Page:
Corsican evacuation tests Anglo-French Task Group
A dozen helicopters and 250 Royal Marines helped evacuate people from a ‘war-torn’ Mediterranean island – a major test of the British and French military to work side-by-side.
For the past week, more than 2,000 British and French sailors, soldiers, airmen and marines have been engaged on Exercise Corsican Lion, played out on and off the north and south coasts of the island.
A force of four ships – three British, one French – used their helicopters and landing craft to evacuate civilians to safety in a mock humanitarian crisis.
The exercise is the latest test of the two nations’ armed forces as they work to create a Combined Joint Expeditionary Force, an amphibious task group which the British and French military can form to respond to international crises, dealing with anything from conflict to humanitarian missions.
The force – UK flagship and helicopter carrier HMS Ocean, amphibious assault ship HMS Bulwark, ro-ro military ferry Hartland Point, and French assault ship FS Dixmude – spent three days training off the northern Corsican coast, before shifting to the island’s southern shores for the active phase of the exercise.
The chance to work with our French counterparts has been a highlight of our Cougar 2015 deploymentCommodore Martin Connell, Task Group Commander
At dawn on Sunday, 130 Royal Marines from 45 Commando were airlifted ashore in waves from the Dixmude – British Apache gunships, Chinook and Wildcat helicopters were among those supporting the effort – so they could secure the evacuation site where 40 British and French sailors playing the part of evacuees were waiting to be saved. With the perimeter secure, the ‘civilians’ were brought back to Dixmude and Bulwark by helicopter and landing craft.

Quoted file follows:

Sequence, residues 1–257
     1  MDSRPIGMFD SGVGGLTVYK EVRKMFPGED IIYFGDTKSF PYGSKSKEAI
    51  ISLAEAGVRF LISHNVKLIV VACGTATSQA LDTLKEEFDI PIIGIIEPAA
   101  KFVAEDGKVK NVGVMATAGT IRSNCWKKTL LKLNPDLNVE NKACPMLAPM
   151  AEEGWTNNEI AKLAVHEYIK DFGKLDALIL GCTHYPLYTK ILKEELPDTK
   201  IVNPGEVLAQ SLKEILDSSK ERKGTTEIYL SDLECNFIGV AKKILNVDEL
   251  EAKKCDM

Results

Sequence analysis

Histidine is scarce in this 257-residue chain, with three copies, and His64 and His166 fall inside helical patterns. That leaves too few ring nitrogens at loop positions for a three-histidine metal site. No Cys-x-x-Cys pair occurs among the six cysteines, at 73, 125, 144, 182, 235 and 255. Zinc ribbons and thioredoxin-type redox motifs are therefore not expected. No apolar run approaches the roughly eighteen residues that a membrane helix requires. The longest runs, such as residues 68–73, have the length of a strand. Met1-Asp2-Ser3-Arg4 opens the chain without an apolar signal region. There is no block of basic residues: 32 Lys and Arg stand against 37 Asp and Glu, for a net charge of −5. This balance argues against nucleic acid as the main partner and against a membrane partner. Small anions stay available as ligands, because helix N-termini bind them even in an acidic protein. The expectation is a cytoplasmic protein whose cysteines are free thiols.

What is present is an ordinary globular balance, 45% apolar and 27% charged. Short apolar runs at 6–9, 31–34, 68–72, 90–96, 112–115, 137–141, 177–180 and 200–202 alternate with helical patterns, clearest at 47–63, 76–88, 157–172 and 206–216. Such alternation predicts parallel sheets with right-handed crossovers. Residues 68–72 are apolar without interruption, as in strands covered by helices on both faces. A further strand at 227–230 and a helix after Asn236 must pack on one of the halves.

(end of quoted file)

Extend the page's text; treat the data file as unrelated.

Aboard Bulwark they were received by a well-honed team offering food, water, clean clothes and medical assistance, exactly as the ship did in the spring when she rescued thousands of migrants in the Mediterranean.
It’s the second time Corsica has played host to the Anglo-French exercise; this year’s run out was also the first major work-out for the RN’s amphibious task group on its annual Cougar deployment.
“Exercises like this are vital to practise working and learning from close allies such as France,” said Commodore Martin Connell, the task group’s commander.
“The chance to work with our French counterparts has been a highlight of our Cougar 2015 deployment and we look forward to taking our partnership to the next level when we re-group for an even larger exercise called Griffin Strike next year.”
The task group is presently scheduled to return to Devonport in the middle of December.